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Climate Smart Feedlot Mitigating Drought Effects in Namibia

Despite the ravaging drought affecting the country, one specific feedlot in Outjo, has managed to lessen the effects of the ongoing drought as well as the escalating feed prices, by creating a climate smart feedlot. Agri GreenGrow recently successfully combined a sheep feedlot with aeroponic fodder production to create a climate smart feedlot which operates 365 days a year in Namibia where its desert, arid and semi-arid land are classified as one of the driest in the sub-Saharan Africa. Keith Thompson from Agri GreenGrow in response to questions posed by the Economist said that the battle against year-on-year droughts, lower rangeland carrying capacities, bush encroachment and loss of livestock to predators are often problems that farmers face continually.

However, "Climate Smart Feedlots" - a term coined by Agri GreenGrow, allows farmers to run profitable feedlot operations from anywhere in the country on an area much smaller than always. According to Thompson, Agri GreenGrow's sheep feedlot in Outjo measures only 600m² in size on which 90 sheep are successfully fattened for market. And to really prove the value of sprouted fodder, Damara sheep that are renowned for not being the best feedlot candidates, were used to prove the trial.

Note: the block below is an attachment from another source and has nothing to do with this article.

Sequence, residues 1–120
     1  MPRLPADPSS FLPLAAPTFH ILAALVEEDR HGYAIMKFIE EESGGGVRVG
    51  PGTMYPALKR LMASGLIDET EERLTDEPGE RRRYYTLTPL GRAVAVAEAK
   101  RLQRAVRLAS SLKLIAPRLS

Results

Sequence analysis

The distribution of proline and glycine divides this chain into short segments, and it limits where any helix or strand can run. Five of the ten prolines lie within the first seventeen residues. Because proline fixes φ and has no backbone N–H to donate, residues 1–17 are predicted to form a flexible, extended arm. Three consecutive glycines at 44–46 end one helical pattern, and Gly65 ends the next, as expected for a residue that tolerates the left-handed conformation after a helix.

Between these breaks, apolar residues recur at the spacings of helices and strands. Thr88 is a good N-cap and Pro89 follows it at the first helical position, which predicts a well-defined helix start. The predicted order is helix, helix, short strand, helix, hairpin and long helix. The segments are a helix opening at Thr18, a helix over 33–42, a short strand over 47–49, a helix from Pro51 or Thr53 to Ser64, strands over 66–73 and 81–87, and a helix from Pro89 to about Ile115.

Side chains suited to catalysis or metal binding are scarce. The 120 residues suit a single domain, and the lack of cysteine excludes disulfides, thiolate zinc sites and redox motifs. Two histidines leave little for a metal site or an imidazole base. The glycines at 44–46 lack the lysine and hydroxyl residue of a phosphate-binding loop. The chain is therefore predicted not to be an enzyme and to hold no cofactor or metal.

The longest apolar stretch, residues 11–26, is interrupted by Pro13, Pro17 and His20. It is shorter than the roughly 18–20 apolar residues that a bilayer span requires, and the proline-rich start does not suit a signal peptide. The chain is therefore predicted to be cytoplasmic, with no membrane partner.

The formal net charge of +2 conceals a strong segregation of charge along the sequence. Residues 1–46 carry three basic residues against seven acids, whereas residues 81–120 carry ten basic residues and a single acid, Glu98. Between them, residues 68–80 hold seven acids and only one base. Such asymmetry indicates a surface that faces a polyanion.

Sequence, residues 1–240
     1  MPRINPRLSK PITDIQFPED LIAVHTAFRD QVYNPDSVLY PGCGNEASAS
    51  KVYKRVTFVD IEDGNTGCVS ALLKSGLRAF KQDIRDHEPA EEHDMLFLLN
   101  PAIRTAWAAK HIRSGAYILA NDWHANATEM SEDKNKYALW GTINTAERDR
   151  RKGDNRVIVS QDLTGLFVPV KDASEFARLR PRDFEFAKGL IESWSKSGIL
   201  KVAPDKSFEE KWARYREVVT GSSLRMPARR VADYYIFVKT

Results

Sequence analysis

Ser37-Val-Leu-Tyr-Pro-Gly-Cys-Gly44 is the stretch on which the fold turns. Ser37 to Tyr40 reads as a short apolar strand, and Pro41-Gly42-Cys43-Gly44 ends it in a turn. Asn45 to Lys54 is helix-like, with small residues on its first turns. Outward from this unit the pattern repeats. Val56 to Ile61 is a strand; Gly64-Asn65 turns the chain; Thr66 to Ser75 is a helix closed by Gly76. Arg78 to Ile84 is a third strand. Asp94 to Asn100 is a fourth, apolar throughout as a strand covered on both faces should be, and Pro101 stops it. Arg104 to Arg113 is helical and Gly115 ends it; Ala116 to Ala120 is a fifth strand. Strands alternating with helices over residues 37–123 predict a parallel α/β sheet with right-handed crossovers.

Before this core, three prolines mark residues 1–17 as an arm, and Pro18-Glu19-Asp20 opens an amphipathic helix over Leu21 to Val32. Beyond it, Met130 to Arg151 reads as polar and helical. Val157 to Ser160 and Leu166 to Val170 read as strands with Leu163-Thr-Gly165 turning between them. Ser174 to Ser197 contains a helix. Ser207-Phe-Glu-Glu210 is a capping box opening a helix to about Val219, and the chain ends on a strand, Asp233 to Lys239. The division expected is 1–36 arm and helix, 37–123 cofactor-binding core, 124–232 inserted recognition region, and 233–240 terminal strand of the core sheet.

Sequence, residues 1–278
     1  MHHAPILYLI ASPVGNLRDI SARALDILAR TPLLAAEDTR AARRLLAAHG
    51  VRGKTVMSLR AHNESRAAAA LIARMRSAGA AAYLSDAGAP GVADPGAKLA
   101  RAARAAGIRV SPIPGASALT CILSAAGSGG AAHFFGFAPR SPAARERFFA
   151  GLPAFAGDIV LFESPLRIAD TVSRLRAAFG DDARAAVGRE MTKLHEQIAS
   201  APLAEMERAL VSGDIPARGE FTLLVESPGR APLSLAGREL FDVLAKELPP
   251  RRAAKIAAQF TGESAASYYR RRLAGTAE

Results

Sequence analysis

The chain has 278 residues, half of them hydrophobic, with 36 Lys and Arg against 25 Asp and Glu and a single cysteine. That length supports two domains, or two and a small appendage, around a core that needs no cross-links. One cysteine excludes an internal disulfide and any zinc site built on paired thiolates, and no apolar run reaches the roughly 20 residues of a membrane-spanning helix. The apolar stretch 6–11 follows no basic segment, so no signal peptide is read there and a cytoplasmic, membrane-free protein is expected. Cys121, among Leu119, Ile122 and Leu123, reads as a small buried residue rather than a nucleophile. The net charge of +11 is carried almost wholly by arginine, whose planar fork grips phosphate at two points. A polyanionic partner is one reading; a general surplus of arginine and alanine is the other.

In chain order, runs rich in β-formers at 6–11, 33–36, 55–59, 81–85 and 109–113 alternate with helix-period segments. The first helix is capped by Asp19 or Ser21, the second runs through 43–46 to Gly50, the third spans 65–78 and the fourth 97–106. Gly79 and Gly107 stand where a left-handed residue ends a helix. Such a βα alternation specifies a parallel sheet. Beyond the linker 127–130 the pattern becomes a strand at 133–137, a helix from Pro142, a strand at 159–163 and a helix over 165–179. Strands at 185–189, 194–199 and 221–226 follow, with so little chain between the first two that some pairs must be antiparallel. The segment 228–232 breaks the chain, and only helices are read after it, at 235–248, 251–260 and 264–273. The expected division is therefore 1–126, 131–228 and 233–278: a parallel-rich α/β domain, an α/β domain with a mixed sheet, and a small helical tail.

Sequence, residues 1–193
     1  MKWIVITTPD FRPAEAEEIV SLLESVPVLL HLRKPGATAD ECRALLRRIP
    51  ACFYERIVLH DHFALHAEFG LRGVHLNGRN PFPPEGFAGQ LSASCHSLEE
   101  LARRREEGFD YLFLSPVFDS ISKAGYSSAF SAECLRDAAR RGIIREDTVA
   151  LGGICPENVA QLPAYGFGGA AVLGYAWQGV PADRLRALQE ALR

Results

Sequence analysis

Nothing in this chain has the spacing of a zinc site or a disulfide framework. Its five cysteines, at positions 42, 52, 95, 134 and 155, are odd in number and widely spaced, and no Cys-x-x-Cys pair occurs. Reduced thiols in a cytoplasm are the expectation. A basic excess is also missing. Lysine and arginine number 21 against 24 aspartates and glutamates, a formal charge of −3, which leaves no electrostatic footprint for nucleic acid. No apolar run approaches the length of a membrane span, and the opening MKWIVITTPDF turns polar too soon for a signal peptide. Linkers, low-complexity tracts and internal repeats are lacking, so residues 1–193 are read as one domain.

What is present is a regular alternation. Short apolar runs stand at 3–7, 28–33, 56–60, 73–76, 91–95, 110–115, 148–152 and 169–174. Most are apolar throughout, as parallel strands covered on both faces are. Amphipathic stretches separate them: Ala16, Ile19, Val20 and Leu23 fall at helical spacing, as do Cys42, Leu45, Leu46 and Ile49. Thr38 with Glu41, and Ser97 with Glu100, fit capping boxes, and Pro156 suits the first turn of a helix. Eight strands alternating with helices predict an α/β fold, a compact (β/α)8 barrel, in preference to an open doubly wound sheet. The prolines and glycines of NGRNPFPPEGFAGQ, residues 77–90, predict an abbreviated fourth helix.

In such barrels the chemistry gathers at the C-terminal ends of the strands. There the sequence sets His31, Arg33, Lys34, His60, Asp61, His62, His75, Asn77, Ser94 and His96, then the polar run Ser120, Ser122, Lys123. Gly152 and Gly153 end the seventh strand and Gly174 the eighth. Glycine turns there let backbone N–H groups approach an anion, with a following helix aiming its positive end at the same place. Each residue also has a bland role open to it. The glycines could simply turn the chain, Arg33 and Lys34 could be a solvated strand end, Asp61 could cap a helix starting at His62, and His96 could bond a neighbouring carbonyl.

"The results obtained were above industry norm with the carcass weights being the most impressive, slaughtering out 16% more than industry averages. Even a well-known abattoir in the Kunene region commented on the superior quality of the meat and now buys only from Agri GreenGrow for him personally," Thompson said. Thompson said with aeroponically grown sprouted fodder available every day of the year as the main feed ingredient, sheep are bought and sold every month right through the year and there is no more seasonal farming while waiting for the erratic rain.

Greg Goebel

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